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Worker Safety on LEED Projects Questioned

By Tristan Roberts

This article originally appeared on BuildingGreen.com.

March 27, 2012
Courtesy BuildingGreen

A new study out of the University of Colorado–Boulder suggests that LEED buildings are more likely to place construction workers in danger than are their conventional counterparts. While the results of the new study, to be published in April 2012 in the Journal of Construction Engineering and Management, are getting a skeptical view among the LEED community, the authors insist that the effect of design choices on the safety of construction workers should be a stronger consideration for architects.

Special training and safety precautions were implemented for a green building project that incorporated a 900,000-gallon thermal energy storage tank.
Photo courtesy Sellen Sustainability
Special training and safety precautions were implemented for a green building project that incorporated a 900,000-gallon thermal energy storage tank.
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The study, “Identification of Safety Risks for High Performance Sustainable Construction Projects,” doesn’t show that LEED construction sites are less safe. Nor does a 2009 study in the same journal that it cites, which gathered Occupational Safety and Health Administration (OSHA) incident rate data from green and non-green projects. However, the authors of the new study say that they found enough suggestive evidence in the data set from the 2009 study that they wanted to establish just what it is about LEED projects that might be less safe.

The authors of the new study sought to document which LEED credits could be associated with design choices and construction practices that could potentially elevate injury rates. They did this by interviewing members of LEED design and construction teams on Colorado projects.

One of the risks most often cited by these teams was the potential for overexertion through elements introduced to earn LEED credits: larger windows for daylighting, more ventilation systems, more piping installations for water reuse, and more insulation. According to study coauthor Matthew Hallowell, Ph.D., assistant professor at the University of Colorado, critics of the study have seized upon details like this to say it’s simply about “more work” and that having an HVAC contractor stay onsite for an extra week to install more ductwork hardly seems like a dangerous working condition.

Hallowell prefers to focus on other reported risks, however: “It’s more time working near excavation, more time working at heights—more time working in dangerous situations,” he says. For example, although inherently hazardous rooftop work is part of any construction project, Hallowell says that workers installing rooftop solar panels or handling heavy reflective roofing membranes on LEED projects are in those situations for longer periods, putting them at greater risk. On the plus side, the study found that use of low-VOC adhesives and construction air quality management plans should improve worker conditions, and that many LEED credits, such as those involving tracking of materials purchases, should not affect worker safety.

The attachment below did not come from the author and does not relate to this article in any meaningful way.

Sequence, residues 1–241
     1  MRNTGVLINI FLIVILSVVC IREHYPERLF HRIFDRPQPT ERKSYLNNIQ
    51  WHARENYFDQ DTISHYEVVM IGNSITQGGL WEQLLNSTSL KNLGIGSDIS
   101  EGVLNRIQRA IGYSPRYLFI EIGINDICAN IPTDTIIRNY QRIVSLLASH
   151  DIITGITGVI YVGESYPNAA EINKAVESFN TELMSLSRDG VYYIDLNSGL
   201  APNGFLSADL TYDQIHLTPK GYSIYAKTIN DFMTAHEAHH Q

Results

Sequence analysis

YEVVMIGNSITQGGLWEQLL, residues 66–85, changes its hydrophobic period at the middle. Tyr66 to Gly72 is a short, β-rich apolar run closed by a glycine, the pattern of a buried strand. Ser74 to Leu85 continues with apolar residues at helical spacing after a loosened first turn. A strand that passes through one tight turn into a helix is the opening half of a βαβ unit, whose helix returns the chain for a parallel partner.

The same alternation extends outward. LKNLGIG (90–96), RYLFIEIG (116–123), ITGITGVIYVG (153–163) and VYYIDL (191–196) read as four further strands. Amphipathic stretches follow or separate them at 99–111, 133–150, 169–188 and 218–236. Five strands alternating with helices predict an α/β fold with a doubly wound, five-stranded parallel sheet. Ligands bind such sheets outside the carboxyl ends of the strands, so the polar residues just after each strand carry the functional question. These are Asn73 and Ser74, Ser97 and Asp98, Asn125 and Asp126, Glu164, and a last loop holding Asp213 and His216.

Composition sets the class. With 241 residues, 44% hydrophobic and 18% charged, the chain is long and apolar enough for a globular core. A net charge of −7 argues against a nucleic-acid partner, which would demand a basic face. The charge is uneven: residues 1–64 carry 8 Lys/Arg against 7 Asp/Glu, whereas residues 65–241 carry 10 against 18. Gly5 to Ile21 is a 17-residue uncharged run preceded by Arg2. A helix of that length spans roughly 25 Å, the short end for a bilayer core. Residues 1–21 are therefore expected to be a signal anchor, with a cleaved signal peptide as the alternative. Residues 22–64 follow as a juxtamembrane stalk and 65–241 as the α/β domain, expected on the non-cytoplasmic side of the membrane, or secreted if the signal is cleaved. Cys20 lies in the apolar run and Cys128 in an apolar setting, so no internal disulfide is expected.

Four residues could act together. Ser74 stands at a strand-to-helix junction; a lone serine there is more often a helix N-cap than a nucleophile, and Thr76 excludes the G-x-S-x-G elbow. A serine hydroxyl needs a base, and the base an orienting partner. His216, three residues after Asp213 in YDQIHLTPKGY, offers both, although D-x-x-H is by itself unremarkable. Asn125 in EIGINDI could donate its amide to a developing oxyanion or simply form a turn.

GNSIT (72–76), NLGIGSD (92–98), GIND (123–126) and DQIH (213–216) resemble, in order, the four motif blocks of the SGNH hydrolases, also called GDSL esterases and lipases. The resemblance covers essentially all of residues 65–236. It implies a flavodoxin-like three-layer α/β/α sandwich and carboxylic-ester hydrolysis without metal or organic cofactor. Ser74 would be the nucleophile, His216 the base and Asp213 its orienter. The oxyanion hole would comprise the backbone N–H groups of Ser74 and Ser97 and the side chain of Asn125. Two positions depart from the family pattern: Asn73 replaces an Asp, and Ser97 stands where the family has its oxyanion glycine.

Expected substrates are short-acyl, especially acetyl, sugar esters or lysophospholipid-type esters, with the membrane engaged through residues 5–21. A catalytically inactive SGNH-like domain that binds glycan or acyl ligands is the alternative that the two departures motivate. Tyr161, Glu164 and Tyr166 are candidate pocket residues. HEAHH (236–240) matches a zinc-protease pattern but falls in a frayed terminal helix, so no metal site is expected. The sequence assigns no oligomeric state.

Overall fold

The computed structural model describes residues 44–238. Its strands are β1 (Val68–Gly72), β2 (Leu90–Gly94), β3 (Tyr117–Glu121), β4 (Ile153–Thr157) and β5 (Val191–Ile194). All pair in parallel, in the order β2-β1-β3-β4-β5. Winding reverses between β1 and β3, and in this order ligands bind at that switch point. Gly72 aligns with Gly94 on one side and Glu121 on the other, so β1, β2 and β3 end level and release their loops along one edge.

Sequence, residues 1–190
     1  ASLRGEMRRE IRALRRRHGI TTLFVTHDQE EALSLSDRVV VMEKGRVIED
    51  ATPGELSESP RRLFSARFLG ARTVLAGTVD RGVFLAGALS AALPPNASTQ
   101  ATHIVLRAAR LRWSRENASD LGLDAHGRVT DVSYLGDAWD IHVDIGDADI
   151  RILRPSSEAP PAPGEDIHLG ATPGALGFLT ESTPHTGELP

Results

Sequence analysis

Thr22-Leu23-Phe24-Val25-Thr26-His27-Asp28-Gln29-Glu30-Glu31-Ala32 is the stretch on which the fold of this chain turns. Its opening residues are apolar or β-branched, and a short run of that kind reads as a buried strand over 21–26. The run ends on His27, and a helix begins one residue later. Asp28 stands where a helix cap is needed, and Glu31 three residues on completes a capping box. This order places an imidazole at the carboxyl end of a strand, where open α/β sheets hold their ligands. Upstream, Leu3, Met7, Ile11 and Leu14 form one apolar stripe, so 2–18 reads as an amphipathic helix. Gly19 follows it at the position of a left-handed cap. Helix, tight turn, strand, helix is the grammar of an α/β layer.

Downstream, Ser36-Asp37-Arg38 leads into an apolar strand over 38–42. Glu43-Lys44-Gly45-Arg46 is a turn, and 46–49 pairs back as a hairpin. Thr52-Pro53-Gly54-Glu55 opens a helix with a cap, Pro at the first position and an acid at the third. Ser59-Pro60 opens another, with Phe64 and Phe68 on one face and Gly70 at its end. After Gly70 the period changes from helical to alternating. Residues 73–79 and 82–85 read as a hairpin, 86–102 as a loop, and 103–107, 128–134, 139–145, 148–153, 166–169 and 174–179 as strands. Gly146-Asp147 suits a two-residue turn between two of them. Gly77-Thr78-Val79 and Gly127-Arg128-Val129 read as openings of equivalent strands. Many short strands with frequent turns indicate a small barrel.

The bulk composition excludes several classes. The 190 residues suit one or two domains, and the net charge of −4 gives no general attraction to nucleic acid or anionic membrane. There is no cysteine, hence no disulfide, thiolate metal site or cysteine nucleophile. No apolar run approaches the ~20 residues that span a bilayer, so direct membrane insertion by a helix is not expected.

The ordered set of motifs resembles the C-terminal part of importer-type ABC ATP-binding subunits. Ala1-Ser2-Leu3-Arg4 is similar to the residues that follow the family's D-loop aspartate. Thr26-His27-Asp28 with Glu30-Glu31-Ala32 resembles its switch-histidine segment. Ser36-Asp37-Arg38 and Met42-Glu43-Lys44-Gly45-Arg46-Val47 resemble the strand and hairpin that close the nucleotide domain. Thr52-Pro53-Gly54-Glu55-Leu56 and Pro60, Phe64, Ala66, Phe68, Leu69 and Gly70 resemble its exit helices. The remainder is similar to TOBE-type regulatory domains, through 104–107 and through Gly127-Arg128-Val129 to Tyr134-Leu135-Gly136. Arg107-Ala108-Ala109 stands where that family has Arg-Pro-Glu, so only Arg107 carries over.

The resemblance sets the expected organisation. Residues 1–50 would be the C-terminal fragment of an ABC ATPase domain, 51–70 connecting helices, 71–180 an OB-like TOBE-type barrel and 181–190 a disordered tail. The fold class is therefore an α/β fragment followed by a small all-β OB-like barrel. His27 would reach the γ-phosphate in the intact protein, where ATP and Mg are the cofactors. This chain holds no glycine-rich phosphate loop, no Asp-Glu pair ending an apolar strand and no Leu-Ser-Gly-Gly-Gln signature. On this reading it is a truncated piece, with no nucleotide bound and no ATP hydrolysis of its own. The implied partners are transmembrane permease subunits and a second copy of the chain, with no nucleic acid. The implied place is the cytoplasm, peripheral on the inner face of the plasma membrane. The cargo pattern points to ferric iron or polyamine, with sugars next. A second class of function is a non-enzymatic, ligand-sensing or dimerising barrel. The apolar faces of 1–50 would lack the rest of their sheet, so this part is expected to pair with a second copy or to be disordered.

“There is a lot of research out there showing that the decisions made during design have a great impact on safety and health onsite,” Hallowell says. Meanwhile, he notes, “OSHA places the burden of safety on the contractors. There is a disconnect there.”

Brendan Owens, vice president of LEED technical development at the U.S. Green Building Council (USGBC), says that while the study was surprising to him, USGBC has been working with the National Institute of Occupational Safety and Health (NIOSH) and wants to find opportunities to increase worker safety as part of the LEED equation. He cautions, however, that LEED shouldn’t try to replicate OSHA regulations and other safety rules.

The biggest safety-related revision coming in LEED 2012, Owens says, will affect non-U.S. projects. There are greater concerns in places “where no worker safety standards currently exist and where no tracking exists as a routine matter.” LEED 2012 will have a minimum program requirement for projects outside the U.S. to document the safety and training activities that are occurring on LEED projects.

Hallowell hopes to see more specific improvements in the future. “It’s not the LEED credit itself but the design methods and construction strategies,” he says. Therefore, he’d like to see credit-specific measures, such as use of walkpads for roofs where slippery reflective membranes are being worked on.

“Should the LEED framework be held responsible for safety issues? No,” says Yancy Wright, director at Sellen Sustainability, who argues that worker training is the key ingredient. Citing vegetated roofs as an example, Wright says, “Anytime you initiate a new construction practice or building system, it introduces tradespeople to new situations, and there is the potential for a higher risk of incident.” Wright’s firm is working on training materials targeting new construction practices occurring on LEED and non-LEED projects.

Copyright 2012 by BuildingGreen Inc.


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